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Moneke Thomas v. Philadelphia Housing Authority and Carl Greene (Individually and

IN THE UNITED STATES DISTRICT COURT FOR THE EASTERN DISTRICT OF PENNSYLVANIA


August 30, 2011

MONEKE THOMAS, PLAINTIFF,
v.
PHILADELPHIA HOUSING AUTHORITY AND CARL GREENE (INDIVIDUALLY AND IN HIS OFFICIAL CAPACITY), DEFENDANTS.

The opinion of the court was delivered by: Rufe, J.

MEMORANDUM OPINION & ORDER

Plaintiff Moneke Thomas, a former employee of the Philadelphia Housing Authority ("PHA"), brings claims under 42 U.S.C. § 1983 and state tort law against the PHA and its former executive director Carl Greene, in his official and individual capacity. Before the Court is Defendant Greene's Motion to Dismiss Thomas's claims against him pursuant to Federal Rule of Civil Procedure 12(b)(6) [doc. no. 11]. *fn1 For the following reasons, Greene's motion is granted.

I. FACTUAL AND PROCEDURAL BACKGROUND

Moneke Thomas worked as a Senior Management Specialist for the PHA in March 2007. *fn2 Defendant Carl Greene was the executive director of that agency from March 1998 until September 2010. In February 2008, Plaintiff filed a discrimination charge with the United States Equal Opportunity Employment Commission ("EEOC") and the Pennsylvania Human Relations Commission ("PHRC") alleging that Greene retaliated against her and sexually harassed her. *fn3

The matter settled in June 2008. *fn4 At some point thereafter, Plaintiff left the PHA's service.*fn5

Plaintiff then experienced the following acts, which she asserts were "done by PHA, former PHA employees, and Carl Greene:"*fn6 in June 2008, Plaintiff became aware that unnamed PHA employees were following her and were present at restaurants and other facilities she frequented; in August 2008, she saw Michael Williams, a former PHA inspector, *fn7 following her in a black Nissan Maxima; at an October 2008 function she saw a former PHA employee whom Thomas had fired while at PHA, and was later told by Greene that this employee planned to "beat up Plaintiff;" in November 2008, she again saw Williams following her in his vehicle; in August 2009, two months after Thomas had moved to a gated community for safety purposes, Thomas was attempting to enter her gated community in her vehicle when she was forced to stop because Williams's car was stopped in the middle of the street while Williams spoke to a local police officer; in September 2009, someone dumped a pile of dirt and leaves in front of her garage; in October 2009, someone tipped over the flower pots in front of her home; and in December 2009, Williams pulled up beside her in his car, called her name and gave her a threatening look. *fn8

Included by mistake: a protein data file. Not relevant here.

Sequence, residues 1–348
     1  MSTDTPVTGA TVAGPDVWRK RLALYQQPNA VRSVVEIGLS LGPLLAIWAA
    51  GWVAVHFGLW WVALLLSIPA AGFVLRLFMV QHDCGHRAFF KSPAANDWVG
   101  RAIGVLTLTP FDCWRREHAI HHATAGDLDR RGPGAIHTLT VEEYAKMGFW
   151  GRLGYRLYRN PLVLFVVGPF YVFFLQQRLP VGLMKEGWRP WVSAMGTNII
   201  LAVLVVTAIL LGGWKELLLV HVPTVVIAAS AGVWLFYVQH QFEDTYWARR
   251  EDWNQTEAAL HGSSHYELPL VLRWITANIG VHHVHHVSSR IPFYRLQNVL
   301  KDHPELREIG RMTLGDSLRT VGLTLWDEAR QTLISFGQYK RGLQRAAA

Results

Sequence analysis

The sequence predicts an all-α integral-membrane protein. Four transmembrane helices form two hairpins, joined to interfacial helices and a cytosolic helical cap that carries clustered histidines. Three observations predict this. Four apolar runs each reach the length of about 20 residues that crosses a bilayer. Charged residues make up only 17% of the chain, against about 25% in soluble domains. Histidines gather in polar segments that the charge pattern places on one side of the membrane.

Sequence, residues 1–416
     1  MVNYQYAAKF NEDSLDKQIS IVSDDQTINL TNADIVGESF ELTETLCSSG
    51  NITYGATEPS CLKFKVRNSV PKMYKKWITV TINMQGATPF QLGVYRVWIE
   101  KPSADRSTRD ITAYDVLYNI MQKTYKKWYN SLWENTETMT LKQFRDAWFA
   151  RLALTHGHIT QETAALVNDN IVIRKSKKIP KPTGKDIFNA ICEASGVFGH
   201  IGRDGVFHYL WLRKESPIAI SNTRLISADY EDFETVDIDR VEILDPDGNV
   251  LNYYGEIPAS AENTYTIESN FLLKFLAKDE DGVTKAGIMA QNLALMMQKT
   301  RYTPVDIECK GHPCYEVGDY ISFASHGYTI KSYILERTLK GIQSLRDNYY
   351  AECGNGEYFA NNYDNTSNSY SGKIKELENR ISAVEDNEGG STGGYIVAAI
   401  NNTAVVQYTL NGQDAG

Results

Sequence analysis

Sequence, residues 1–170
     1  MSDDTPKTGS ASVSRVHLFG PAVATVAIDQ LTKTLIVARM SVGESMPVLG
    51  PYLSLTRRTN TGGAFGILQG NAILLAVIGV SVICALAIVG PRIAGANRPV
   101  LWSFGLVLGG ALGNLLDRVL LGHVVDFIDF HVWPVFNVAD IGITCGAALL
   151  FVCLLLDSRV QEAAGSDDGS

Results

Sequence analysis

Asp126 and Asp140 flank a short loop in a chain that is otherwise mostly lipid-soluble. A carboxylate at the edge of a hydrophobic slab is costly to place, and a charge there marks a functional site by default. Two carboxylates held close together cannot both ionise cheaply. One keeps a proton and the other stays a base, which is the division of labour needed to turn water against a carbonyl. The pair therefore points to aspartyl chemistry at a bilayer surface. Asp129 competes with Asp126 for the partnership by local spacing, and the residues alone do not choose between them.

Thomas alleges that Greene, PHA employees and the PHA violated her First Amendment rights because they undertook these actions to intimidate her so that she would not reveal information about Greene's unidentified "fraudulent actions;" to retaliate against her for filing her EEOC/PHRC charge; and to discourage others from speaking out about Greene and the PHA's misconduct. *fn9 In particular, Thomas alleges that Greene "instigated and condoned" these retaliatory actions. *fn10

In addition, Thomas alleges interference with her contractual relations. In April 2009, when Thomas was working for a local attorney, the attorney received a call from a PHA manager who asked to visit the office to discuss an issue. Thomas, fearing for her safety, left that position. *fn11 In May 2009, Plaintiff found her mail had been tampered with, including a letter from the Department of Labor and Industry. *fn12 That same month, Thomas had interviewed for a position in New Jersey, but was told by the prospective employer that she would not be hired "because she was causing a big problem." *fn13 Thomas alleges, based on these facts, that "Defendants took purposeful action" to interfere with her relations with prospective employers. *fn14

Thomas filed her Complaint in this Court on January 13, 2011. *fn15 Count I, brought pursuant to 42 U.S.C. § 1983, alleges that the PHA and Greene, in his individual and official capacity, violated Thomas's First Amendment rights. Count II alleges that the PHA negligently hired and retained Greene. Count III alleges that the PHA and Greene, in his individual and official capacity, intentionally interfered with her contractual employment relations. And Count IV alleges intentional infliction of emotional distress against both the PHA and Greene, in his individual and official capacity. *fn16

The PHA moved to dismiss Counts II and III against it, and to dismiss claims for punitive damages as against PHA. *fn17 Plaintiff subsequently withdrew those claims as against the PHA only; *fn18 thus, only the Section 1983 and intentional infliction of emotional distress claims remain against PHA (Counts I and IV).

Greene then moved to dismiss the claims against him (Counts I, III and IV). Greene argues Count I must be dismissed because: (1) Thomas's claim is time-barred; (2) she has not alleged she engaged in protected speech; (3) Thomas cannot bring a First Amendment claim for post-employment retaliation; (4) Thomas has not pleaded facts suggesting a connection between the speech and the retaliatory acts, nor facts connecting Greene to those acts; and (5) Greene is qualifiedly immune. Greene argues Counts III and IV must be dismissed because Thomas fails to allege facts sufficient to state those tort claims, and because intentional tort claims against him as a Commonwealth party are barred by sovereign immunity.